The Rev. Irene Monroe (email) writes a regular online column, “Queer Take.”
Last month, Monroe commented at length on Focus on the Family’s October exgay road show in Boston:
Focus on the Family is the largest anti-gay organization on the United States’ evangelical Christian right, with tentacles not only in the church, but also in electoral politics. In fact, Dobson is so influential among George W. Bush’s conservative base that Bush operator Karl Rove called Dobson for approval of both one-time Supreme Court nominee Harriet Miers and Chief Justice John Roberts.
Much of Focus on the Family’s budget is generated by using anti-gay rhetoric in fund-raising letters. They outspend the Human Rights Campaign (HRC) and National Gay Lesbian Task Force, which are the top LGBTQ civil rights organizations, by a margin of four to one.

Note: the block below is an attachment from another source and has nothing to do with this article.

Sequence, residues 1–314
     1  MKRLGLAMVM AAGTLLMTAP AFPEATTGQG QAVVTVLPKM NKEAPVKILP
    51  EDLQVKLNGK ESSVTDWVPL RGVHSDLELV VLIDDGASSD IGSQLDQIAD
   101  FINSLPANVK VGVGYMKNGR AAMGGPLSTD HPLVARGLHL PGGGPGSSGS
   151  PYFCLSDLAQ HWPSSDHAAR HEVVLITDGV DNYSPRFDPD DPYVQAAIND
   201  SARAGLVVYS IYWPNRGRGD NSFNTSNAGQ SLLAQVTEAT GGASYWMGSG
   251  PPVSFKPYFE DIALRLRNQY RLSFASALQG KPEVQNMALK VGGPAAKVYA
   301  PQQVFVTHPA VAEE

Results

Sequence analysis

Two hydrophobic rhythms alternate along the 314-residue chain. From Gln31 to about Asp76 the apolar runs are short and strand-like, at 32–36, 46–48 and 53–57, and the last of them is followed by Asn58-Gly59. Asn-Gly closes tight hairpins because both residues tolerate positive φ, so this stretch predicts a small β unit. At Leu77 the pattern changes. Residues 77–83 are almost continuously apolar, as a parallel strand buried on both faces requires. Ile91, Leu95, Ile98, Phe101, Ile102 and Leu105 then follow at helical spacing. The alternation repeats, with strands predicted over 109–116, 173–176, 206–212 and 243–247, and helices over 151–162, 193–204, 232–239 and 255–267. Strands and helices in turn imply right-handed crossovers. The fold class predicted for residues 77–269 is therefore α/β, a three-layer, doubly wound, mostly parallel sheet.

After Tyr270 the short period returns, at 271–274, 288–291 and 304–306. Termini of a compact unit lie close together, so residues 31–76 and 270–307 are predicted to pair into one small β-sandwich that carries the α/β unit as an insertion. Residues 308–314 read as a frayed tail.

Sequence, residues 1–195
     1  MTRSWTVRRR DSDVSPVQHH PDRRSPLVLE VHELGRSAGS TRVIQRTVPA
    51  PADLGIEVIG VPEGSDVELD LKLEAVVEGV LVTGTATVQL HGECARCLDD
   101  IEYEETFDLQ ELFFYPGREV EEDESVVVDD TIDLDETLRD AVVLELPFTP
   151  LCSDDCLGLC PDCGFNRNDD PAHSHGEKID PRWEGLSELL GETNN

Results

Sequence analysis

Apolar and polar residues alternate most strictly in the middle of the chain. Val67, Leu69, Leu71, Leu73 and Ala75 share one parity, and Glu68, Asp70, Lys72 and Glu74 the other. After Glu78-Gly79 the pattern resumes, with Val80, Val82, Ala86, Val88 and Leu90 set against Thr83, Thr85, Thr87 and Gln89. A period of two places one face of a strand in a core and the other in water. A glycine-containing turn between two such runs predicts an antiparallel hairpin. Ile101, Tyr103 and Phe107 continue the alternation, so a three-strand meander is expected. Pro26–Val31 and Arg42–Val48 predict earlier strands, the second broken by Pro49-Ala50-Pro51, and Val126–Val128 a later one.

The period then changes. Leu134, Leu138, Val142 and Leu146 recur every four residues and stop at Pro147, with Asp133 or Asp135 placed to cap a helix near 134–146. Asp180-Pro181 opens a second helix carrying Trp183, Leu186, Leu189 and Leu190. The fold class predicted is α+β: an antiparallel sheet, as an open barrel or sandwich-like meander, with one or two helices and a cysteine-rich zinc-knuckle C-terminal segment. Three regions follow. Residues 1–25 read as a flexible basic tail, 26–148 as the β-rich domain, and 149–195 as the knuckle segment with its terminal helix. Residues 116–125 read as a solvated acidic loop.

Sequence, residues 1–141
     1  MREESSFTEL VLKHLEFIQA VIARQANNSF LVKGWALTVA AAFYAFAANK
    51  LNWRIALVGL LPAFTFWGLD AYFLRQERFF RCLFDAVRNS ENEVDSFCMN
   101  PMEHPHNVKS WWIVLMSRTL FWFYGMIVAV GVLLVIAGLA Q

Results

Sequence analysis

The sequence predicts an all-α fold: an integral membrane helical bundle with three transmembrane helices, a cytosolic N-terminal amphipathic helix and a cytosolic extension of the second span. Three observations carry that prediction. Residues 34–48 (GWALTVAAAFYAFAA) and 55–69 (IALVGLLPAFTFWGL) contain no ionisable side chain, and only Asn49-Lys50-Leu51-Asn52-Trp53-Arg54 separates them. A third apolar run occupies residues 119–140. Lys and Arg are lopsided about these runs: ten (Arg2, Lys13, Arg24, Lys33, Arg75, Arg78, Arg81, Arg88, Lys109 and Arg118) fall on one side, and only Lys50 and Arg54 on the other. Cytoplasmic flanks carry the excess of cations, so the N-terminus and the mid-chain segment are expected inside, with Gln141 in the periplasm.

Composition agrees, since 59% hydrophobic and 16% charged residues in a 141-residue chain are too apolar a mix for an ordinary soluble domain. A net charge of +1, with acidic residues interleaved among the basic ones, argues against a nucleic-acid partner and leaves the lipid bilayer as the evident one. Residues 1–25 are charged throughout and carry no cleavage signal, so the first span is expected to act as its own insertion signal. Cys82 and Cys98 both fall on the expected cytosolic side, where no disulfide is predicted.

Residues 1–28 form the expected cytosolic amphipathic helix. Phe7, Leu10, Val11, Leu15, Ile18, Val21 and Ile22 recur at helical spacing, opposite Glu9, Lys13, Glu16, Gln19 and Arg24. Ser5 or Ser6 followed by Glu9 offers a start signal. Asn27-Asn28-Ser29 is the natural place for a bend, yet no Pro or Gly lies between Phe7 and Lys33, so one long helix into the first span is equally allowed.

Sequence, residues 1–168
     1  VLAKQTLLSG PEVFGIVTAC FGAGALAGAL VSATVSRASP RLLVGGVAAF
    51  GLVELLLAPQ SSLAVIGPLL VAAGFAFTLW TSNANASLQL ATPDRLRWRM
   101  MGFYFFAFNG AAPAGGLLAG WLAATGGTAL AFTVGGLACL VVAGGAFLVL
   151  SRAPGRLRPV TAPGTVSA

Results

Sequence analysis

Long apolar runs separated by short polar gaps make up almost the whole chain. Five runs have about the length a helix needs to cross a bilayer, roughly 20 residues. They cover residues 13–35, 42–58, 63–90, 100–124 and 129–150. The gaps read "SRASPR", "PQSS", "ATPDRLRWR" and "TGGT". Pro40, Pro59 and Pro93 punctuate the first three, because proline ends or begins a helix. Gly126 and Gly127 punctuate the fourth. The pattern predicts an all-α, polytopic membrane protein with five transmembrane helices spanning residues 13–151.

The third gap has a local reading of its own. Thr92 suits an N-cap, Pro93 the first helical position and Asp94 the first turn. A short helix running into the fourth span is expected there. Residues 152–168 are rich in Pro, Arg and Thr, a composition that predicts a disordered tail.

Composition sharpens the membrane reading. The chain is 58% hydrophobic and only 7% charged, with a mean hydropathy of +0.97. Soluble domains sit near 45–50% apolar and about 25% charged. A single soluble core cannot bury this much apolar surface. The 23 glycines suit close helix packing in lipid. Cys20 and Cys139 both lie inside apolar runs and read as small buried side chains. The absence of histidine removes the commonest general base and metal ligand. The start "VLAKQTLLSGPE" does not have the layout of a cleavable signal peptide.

And with that money, Focus on the Family is able to produce politically and religiously Biased Agenda-Driven (aptly abbreviated as “B.A.D.”) science like “reparative therapies,” attempting to justify them by presenting LGBTQ people as genetically flawed – a charge eerily reminiscent of the scientific racism and sexism that once undergirded treatment of blacks and women morally inferior due to supposed genetic flaws.
However, the truth is that these “ex-gay” reparative therapies have a failure rate of 90 percent, and several “ex-gay” groups have had to shut down when their leaders finally dealt with the reality of their own homosexuality.
When we miss the essential point that human life is varied, precious, and of equal worth, we ignore the unique gifts that each life brings to each other and to the world. “Focus on the Family” doesn’t focus on families, but blurs the distinctiveness that makes us who we are. God created humanity as a tapestry of variety: diminishing that variety diminishes ourselves.